Shouting Down a Racist

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The summer before my senior year of high school I was dating two girls, one of whom was the star of the volleyball team and half Chinese. She had a suped-up late-nineties Honda Civic, with a turbocharger, lights in the footwells and all that. Before me she had been seeing one of my teammates on the cross country, a tall, quiet white kid, and everybody who knew her was surprised when they saw us together. I came from the other side of the tracks, literally, and by then I already had a reputation, even at neighboring high schools.

We were headed to Woodfield Mall one day, or actually to the swanky outdoor shopping area next door called the Streets of Woodfield, where they had a Jamba Juice. Now, this girl had a bit of a death wish (as I found out later), and having a suped-up Civic, she would speed and dart in and out between cars. So she was racing for a parking spot as usual and cut off this white-haired little lady in an old-lady car.

Neither of us thought much of it. But as we got out of the car and started strolling toward the stores, the old lady came up to my girlfriend and, just as the lady was about to tell her off, she spotted me, put one and one together, and a sneer oozed across her wrinkled mouth.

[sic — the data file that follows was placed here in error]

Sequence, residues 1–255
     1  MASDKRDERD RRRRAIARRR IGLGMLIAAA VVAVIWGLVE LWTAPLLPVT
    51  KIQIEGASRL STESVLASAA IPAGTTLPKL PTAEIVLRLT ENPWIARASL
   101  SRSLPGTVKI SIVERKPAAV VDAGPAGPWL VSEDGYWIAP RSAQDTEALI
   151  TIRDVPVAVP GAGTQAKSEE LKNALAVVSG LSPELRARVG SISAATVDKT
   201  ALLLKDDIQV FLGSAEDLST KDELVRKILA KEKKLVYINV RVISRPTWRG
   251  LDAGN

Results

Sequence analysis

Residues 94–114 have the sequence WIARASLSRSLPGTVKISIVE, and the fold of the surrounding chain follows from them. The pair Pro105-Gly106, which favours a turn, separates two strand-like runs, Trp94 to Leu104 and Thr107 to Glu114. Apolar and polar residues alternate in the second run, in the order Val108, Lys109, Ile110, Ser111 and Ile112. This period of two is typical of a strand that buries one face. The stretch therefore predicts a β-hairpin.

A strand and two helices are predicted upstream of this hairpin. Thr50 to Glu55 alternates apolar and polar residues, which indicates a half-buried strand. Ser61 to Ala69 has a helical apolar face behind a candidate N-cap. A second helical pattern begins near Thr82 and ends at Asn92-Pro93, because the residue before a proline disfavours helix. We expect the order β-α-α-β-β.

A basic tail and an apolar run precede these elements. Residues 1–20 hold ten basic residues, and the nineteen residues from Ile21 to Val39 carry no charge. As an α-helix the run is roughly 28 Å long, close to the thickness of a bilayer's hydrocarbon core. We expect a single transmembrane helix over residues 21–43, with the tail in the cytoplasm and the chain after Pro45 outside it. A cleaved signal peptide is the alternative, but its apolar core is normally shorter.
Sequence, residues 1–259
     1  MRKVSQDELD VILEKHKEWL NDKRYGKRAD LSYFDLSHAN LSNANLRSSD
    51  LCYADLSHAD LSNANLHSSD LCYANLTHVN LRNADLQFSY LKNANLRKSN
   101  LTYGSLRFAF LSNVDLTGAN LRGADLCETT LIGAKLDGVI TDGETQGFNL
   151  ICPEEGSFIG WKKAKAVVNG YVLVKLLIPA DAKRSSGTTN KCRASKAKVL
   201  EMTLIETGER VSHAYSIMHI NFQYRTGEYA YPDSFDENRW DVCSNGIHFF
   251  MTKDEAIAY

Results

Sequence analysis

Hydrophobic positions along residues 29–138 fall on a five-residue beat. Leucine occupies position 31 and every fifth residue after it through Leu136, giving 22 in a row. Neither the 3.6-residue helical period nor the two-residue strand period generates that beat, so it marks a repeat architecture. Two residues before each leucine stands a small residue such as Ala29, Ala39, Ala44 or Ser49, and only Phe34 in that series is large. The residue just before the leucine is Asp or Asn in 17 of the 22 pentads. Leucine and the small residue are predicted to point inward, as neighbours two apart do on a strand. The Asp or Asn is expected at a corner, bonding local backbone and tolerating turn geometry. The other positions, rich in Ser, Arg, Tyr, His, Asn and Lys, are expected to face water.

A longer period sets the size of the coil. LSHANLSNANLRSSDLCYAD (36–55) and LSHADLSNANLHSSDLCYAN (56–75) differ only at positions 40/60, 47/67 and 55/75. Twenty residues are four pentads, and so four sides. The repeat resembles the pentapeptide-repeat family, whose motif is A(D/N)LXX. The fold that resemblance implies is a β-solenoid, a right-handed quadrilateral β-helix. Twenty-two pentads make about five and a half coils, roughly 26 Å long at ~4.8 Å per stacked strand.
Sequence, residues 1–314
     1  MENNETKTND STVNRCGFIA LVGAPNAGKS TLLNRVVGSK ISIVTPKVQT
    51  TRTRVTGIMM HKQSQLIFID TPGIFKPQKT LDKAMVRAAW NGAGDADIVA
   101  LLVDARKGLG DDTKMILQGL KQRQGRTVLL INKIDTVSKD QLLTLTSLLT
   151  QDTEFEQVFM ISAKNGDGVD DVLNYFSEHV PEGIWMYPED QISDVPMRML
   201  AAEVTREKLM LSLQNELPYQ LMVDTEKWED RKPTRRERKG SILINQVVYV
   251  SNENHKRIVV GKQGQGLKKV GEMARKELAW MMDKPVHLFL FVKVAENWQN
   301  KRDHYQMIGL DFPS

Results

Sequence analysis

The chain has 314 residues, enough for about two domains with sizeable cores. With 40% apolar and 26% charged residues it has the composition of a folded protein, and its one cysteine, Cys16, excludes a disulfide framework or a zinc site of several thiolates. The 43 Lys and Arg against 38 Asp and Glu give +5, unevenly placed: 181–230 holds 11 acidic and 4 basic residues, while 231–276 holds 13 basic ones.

“Porch monkey,” was all she said, just loud enough for me to hear it.

I half laughed, not because being called a porch monkey is something to laugh at; I just never expected to be called one, not in real life, and especially not on such a lovely summer day, in the year 2002. I was also able to laugh it off because the old lady was frail and on her way out, while I was young and in the prime of youth, and could easily break her hip, if need be. Plus, old people tend to say the darnedest things, no matter what color they are, and as a young person I’d learned to shrug off the ignorant things old people said from time to time.

Nothing more happened. The old lady went her racist way, and my girlfriend and I went and got smoothies.

About four or five years after that, my friends and I were coming out of a bar, hammered. This was outside the old O Lounge in Lakeview, around two in the morning. We were headed for the car, at a parking garage right around the corner. My vision was blurry, and none of us were saying much, just focused on walking. I could see the parking lot up ahead on the left, on the same side of the street that we were walking.

Right when we reached the garage, I heard a bunch of yelling from across the street, as if someone were trying to get our attention. I turned my head and spotted this big white frat boy, clearly drunker than we were, swaying on his feet, his face all red and puffy, yelling and pointing at us, at me it seemed.

Then I heard him say the word “nigger.”